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Three Keys to Addressing COVID-19 in the Workplace

Apr 16, 2020

The spread of COVID-19 has required safety professionals to reevaluate theYoung woman disinfecting her computer keyboard steps they can take to protect the health of their workers. Integrating pandemic planning into safety and health management systems is crucial to both preventing the spread of the virus and preventing future viruses from proliferating in the workplace.

As you take steps to address the virus among your workforce, keep these three points in mind.

1. Assess Your Workers’ Risk Levels

A worker’s risk level depends in part on the industry in which they work, their need for contact within six feet of people known to be or suspected of being infected with COVID-19 and if the worker is required to have repeated or extended contact with such individuals.

In its Guidance for Preparing Workplaces for COVID-19, OSHA identifies four levels of exposure risk:

  • Very High Exposure Risk: Jobs with high potential for exposure to known or suspected sources of COVID-19, which can occur during specific medical, postmortem or laboratory procedures. Occupations in this category include healthcare workers, healthcare or laboratory personnel and morgue workers.
  • High Exposure Risk: Jobs with high potential for exposure to known or suspected sources of COVID-19. This includes healthcare delivery and support staff, medical transport workers and mortuary workers who handle the bodies of individuals who were known to have or suspected of having the COVID-19 virus at the time of their death.
  • Medium Exposure Risk: Jobs that require frequent and/or close contact with people who may be infected with COVID-19, but who are not known or suspected of being COVID-19 patients. Such jobs include those who have regular contact with the general public such as workers in grocery stores, banks, schools and parcel shipping facilities.
  • Lower Exposure Risk: Jobs that do not require contact with people known to be or suspected of being infected with COVID-19 nor close contact with the general public. These workers have minimal contact with coworkers and the public. This includes many manufacturing and construction jobs such as machine operators, painters and electricians.

2.  Provide a Clean Working Environment

Once you’ve identified each worker’s individual level of risk, the next step is to institute controls to address those risks. COVID-19 risk management can begin with simple steps such as cleaning work surfaces and equipment.

CDC recommends routinely cleaning and disinfecting all high-contact workplace surfaces such as workstations, keyboards, telephones, handrails and doorknobs. If surfaces are dirty, they should be cleaned with detergent or soap prior to disinfection. EPA provides a database of disinfectants that meet its criteria for use in protecting against COVID-19.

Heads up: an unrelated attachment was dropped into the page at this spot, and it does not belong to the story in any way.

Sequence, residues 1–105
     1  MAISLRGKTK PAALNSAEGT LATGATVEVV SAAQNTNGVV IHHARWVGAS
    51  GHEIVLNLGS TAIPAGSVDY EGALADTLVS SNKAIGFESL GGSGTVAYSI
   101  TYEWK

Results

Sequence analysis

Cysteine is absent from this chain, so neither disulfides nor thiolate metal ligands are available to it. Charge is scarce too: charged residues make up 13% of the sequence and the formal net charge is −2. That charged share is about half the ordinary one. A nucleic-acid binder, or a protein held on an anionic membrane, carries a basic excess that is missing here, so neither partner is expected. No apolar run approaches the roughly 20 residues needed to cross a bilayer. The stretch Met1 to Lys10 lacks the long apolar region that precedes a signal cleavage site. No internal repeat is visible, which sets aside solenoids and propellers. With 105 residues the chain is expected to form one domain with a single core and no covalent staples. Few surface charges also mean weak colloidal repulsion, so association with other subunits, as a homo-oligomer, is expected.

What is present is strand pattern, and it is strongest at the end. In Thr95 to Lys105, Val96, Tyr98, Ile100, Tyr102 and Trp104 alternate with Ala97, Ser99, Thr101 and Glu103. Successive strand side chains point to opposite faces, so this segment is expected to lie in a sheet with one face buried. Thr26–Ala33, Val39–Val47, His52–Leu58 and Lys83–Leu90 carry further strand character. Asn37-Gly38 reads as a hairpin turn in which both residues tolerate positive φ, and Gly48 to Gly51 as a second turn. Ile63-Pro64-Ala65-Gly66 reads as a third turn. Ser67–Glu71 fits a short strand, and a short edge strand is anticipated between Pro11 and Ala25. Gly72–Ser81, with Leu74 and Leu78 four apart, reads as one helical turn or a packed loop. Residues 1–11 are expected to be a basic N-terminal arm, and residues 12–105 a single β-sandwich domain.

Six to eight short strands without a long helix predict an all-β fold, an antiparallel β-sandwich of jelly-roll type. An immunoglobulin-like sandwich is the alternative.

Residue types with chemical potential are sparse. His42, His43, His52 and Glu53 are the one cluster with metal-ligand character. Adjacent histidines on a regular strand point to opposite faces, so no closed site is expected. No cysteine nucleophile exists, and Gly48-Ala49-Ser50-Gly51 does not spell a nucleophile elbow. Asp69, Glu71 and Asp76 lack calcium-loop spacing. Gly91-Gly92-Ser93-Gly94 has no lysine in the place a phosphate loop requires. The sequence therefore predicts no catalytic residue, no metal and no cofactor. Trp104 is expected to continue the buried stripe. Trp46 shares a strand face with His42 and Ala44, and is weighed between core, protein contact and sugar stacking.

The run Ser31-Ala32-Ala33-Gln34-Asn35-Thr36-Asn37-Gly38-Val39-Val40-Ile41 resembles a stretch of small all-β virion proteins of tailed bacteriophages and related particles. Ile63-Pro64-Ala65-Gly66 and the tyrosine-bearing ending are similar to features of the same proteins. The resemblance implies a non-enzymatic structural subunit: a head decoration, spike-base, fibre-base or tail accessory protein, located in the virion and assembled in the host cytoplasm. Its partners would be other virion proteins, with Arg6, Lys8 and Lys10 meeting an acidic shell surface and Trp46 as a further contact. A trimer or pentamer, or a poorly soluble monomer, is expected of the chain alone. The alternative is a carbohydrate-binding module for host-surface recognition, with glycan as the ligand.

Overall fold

CDC also advises that employers discourage workers from using each other’s phones, desk, offices and other office equipment when possible. If equipment must be shared, it should be cleaned and disinfected after each use. Employers are encouraged to provide employees disposable wipes to clean and disinfect commonly used surfaces before each use.

3. Use the Hierarchy of Controls

Although creating a clean, hygienic work environment provides a good foundation in protecting workers against COVID-19 and other illnesses, safety professionals must institute additional controls to protect worker health. OSHA’s COVID-19 hierarchy of controls offers guidance to take these next steps, with four classifications of controls:

  • Engineering controls: These measures include actions increasing ventilation rates, installing barriers such as sneeze guards between workers, offering drive through or curbside service for customers, installing high-efficiency air filters and using specialized negative pressure ventilation.
  • Administrative controls: These measures involve changes in work policy or procedure such as minimizing contact among workers and between workers and customers, establishing alternating shifts to reduce the number of workers in a facility at any given time and discontinuing nonessential travel to areas with COVID-19 outbreaks.
  • Safe work practices: Measures in this category include hygienic controls such as requiring regular handwashing or the use of hand sanitizer, and providing no-touch trash cans, tissues and other personal hygiene resources to reduce exposure to COVID-19 and other illnesses.
  • Personal protective equipment (PPE): Along with instituting administrative controls, engineering controls and safe work practices, PPE such as gloves, masks and respirators provide workers with an extra layer of protection against COVID-19. When PPE is used as a preventive control, OSHA advises that all PPE must:
  • Be selected based on the hazard to the worker
  • Properly fit and be properly refitted
  • Be consistently and properly worn when required
  • Be regularly inspected and maintained, and replaced when necessary
  • Be properly removed, cleaned and stored or disposed of to prevent contamination of workers or the environment

Listen to our podcast with Michael Serpe, president of SafetyFirstNA, to learn more about how you can address COVID-19 in your workplace.

Related Links
OSHA Interim Enforcement Response Plan for COVID-19 Pandemic
OSHA Temporarily Suspends Some Recordkeeping Requirements on Work-Relatedness of COVID-19
10 Ways to Reduce Worker Exposure to COVID-19
OSHA Guidance on N95 Shortage
COVID-19: CDC Guidance on Returning to Work
How to Apply the Hierarchy of Controls in a Pandemic

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